• Jesus is the substitutionary atonement. He has covered my debt! Because He required it, He paid for it!
• Oh man, our God is an awesome God!
• Presbyterians do not even have an “altar” in our sanctuaries. That was not an oversight, it was totally on purpose! We do not have an altar because, Hebrews tells us, Jesus was the ultimate, the once-for-all, sacrifice! Hebrews 7:27, “Jesus sacrificed for their sins once for all when he offered himself.” Heb. 9:12, “Jesus did not enter by means of the blood of goats and calves; but he entered the Most Holy Place once for all by his own blood, thus obtaining eternal redemption.” Heb. 9:26, “Jesus has appeared once for all at the culmination of the ages to do away with sin by the sacrifice of himself.” Heb. 10:10, “We have been made holy through the sacrifice of the body of Jesus Christ once for all.”

Toward the end of his life, the Apostle John wrote a few letters that we have in the back of our New Testaments. Last week we made reference to the verse that says God is love. Let me read to you, again, that verse and a few that follow:
I John 4:8-10, 8 Whoever does not love does not know God, because God is love. 9 This is how God showed His love for us: He sent His one and only Son into the world that we might live through Him. 10 This is love: not that we loved God, but that He loved us and sent His Son as an atoning sacrifice for our sins. 11 Dear friends, since God so loved us, we also ought to love one another.

The Apostle Paul followed that up with a little, “so what?” answer. “Thank You Jesus for paying my debt, I appreciate it, and now I guess I can live however I want….” Well, John just said in I John 4:10, “Since God so loved us, we also ought to love one another”, so it’s not exactly a free-for-all. Paul said it this way, in Romans 12:1, “Therefore, I urge you, brothers and sisters, in view of God’s mercy, to offer your bodies as a living sacrifice, holy and pleasing to God—this is your true and proper worship.”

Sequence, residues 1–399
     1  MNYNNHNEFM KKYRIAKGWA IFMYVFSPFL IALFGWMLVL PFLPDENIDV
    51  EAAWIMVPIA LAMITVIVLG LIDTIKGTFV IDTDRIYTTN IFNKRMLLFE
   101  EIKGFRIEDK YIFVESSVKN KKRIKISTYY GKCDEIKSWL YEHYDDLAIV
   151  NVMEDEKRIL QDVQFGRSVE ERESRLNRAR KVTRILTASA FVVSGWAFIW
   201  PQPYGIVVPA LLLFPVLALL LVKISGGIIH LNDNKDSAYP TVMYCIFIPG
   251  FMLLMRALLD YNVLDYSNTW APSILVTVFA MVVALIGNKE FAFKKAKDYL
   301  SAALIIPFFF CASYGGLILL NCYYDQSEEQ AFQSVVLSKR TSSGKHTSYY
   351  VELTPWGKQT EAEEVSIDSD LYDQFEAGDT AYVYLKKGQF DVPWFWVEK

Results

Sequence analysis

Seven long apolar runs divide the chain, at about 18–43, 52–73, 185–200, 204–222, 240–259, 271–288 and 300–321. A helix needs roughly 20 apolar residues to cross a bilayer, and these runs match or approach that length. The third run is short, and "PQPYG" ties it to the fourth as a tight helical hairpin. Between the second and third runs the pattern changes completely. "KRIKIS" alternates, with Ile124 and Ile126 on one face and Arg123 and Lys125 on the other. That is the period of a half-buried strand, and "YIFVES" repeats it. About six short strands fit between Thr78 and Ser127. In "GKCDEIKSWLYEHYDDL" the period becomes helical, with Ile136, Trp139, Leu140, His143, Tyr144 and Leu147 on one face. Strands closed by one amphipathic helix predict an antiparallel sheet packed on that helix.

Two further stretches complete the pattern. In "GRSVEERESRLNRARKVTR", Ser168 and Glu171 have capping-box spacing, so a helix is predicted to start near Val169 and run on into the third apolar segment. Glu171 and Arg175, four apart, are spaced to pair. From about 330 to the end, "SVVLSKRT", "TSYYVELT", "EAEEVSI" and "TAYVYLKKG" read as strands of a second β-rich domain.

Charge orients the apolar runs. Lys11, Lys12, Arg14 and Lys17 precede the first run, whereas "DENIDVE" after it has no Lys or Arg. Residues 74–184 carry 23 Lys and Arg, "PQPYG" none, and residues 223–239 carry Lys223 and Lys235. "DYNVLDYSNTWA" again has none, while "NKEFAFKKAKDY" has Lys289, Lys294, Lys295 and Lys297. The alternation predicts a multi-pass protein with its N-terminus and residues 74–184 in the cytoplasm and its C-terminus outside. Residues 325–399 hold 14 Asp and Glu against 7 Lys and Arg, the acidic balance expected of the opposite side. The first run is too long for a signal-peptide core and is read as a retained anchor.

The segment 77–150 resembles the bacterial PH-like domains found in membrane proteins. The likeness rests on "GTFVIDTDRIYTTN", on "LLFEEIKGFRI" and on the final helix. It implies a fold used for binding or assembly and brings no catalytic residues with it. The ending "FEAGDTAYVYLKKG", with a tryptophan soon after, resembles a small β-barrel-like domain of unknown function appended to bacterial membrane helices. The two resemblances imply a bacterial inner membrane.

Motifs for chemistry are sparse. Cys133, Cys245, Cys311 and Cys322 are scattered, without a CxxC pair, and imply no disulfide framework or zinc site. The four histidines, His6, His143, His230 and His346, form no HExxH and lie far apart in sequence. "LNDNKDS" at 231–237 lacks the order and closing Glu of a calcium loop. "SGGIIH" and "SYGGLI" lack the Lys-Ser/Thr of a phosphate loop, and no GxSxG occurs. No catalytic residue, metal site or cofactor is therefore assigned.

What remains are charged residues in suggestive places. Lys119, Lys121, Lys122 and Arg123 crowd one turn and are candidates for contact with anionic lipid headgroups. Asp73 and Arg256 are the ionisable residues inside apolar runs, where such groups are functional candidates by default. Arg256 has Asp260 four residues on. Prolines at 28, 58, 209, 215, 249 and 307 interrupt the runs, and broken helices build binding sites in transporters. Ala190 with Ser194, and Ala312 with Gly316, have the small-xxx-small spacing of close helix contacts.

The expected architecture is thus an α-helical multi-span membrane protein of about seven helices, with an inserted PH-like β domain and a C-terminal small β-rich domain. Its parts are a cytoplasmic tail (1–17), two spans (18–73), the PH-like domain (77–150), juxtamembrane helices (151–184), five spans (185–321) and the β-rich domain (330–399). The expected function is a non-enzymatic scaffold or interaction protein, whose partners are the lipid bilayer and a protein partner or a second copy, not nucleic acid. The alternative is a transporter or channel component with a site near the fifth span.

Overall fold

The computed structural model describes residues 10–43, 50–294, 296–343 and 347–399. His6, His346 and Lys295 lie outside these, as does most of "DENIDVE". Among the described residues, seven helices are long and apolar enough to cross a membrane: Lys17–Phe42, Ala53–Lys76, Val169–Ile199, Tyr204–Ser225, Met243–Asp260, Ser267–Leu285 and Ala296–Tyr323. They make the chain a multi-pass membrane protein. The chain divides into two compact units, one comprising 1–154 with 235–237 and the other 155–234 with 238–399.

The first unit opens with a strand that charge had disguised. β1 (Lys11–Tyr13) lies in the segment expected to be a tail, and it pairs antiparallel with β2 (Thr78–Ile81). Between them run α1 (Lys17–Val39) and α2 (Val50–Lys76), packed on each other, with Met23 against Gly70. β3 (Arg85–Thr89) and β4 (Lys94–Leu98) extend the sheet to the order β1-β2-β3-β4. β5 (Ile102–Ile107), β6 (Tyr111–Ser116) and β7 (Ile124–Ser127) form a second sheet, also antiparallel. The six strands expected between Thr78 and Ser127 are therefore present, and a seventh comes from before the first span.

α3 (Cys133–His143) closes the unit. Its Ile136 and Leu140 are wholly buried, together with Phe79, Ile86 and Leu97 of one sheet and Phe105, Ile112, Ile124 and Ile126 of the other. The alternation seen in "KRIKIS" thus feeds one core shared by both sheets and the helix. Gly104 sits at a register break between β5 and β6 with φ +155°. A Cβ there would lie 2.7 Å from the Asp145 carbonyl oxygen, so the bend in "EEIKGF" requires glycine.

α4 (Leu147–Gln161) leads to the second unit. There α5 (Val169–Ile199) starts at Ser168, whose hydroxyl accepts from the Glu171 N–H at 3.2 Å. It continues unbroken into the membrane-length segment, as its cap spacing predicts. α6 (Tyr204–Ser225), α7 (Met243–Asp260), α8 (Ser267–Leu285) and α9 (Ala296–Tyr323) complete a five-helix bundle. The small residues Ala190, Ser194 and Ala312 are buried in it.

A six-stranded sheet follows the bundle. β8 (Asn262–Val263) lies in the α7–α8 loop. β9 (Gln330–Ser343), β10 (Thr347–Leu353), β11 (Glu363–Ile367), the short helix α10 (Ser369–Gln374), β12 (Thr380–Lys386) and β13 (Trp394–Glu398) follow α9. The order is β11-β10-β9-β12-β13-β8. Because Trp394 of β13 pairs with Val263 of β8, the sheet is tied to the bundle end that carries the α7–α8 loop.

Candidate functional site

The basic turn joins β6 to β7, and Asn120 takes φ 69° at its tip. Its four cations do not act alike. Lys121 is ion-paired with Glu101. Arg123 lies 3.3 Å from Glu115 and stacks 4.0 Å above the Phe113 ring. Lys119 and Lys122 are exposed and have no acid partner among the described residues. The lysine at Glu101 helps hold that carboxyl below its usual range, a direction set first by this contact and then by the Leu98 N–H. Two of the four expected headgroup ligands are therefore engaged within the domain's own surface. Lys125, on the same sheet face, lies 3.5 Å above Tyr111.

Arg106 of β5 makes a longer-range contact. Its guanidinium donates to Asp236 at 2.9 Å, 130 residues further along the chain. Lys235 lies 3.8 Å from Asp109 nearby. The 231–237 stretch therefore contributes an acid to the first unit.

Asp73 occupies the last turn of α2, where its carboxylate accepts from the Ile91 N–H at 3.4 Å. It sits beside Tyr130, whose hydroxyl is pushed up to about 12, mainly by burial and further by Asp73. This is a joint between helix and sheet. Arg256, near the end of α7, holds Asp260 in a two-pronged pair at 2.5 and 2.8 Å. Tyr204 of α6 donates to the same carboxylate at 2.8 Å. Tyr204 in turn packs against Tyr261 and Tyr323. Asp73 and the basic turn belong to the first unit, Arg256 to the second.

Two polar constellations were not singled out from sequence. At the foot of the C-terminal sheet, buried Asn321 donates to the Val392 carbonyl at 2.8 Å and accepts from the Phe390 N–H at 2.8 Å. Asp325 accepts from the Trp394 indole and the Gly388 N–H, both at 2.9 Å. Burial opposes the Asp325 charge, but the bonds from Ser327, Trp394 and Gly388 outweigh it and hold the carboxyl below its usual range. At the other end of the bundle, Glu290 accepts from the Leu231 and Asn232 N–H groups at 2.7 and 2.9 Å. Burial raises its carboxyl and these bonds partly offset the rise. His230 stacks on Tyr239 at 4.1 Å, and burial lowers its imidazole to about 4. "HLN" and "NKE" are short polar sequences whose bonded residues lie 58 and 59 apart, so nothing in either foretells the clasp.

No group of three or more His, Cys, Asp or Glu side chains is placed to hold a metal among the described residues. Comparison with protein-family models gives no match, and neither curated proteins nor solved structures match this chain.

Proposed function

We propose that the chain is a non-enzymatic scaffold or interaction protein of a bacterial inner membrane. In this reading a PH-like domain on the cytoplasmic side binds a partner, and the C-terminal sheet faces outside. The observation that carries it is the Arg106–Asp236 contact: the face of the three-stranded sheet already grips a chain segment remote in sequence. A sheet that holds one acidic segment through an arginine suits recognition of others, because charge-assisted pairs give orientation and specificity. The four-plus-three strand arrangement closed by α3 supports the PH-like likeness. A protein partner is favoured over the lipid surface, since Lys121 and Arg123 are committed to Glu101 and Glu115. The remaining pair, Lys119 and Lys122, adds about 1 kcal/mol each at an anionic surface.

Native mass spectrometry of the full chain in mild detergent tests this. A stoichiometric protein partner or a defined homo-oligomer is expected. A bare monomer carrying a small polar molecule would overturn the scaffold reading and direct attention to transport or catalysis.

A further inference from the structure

What have you given up for Lent? Was it truly a sacrifice? Can it be for longer than just the 6 or 7 weeks of Lent? Can you offer up your bodies as a “living sacrifice”?
Jesus said we must take up our cross and follow Him. We have too often interpreted that to mean we just have to live with whatever life burdens are put on us. “Well, I have Type 1 Diabetes, I guess that’s just my cross to bear.” Nope! That’s just a pain in the back-side to have to bear. A cross would be something I volunteer to carry, as a sacrifice, for my Savior! To show that I love Him and am willing to live for Him and even to die for Him. This is the “works” that James is talking about when he says that “faith without works is dead.”

The Good News of Christianity is that on the cross Jesus Christ accomplished salvation! He made [perfect and complete] atonement for [our] sin.
The only question is, did He do this for you? Jesus said that He gave His life as a ransom for many. Are you among the many? Jesus said that He laid His life down for His sheep. Who are His sheep? They are those who listen to His voice and respond to His call. Last week we read John 3:18, which says, “Whoever believes in the Son has eternal life, but whoever rejects the Son will not see life, but God’s wrath remains on him.”
One of the most amazing pictures of sacrifice in the Bible is found in Revelation 5. There we learn that Jesus Christ, whose death was planned by God since the foundation of the world, will for all eternity bear the marks of His sacrifice. The Lamb who was slain, the Old Testament image of the sacrificial lamb, the blood on the Passover doorposts, the sin sacrifice in the Temple, is the image to which we are being conformed. Because of Christ’s sacrifice, we will be an eternally living sacrifice of praise to the One who alone is worthy of praise, Christ, our Passover, the Lamb who was slain but now lives forevermore.

If you are a Christian – know that you are loved! God has chosen you … and has saved You through His Son’s death on the cross!
If you are not a Christian believer, but you think you might want to be – know that you, too, are loved. God wishes that no one would be outside His love – all you need do is accept it, and then know that God has chosen you … and has saved you through His Son’s death on the cross! Amen.

Resources:
Lawrence, Michael; Biblical Theology in the Life of the Church; Crossway; Wheaton, IL; 2010; Pp. 153-164.

Psalms for All Seasons: A Complete Psalter for Worship; Faith Alive Resources; 2012; P. 363.

Wheeler, Mark; The Ledger newsletter; Lidgerwood Presbyterian Church; 03/2014.

 

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One thought on “So,What’s the Story? “Let’s Talk about Sacrifice”

  1. Pingback: Atonement And Fellowship 5/8 | Bijbelvorser = Bible Researcher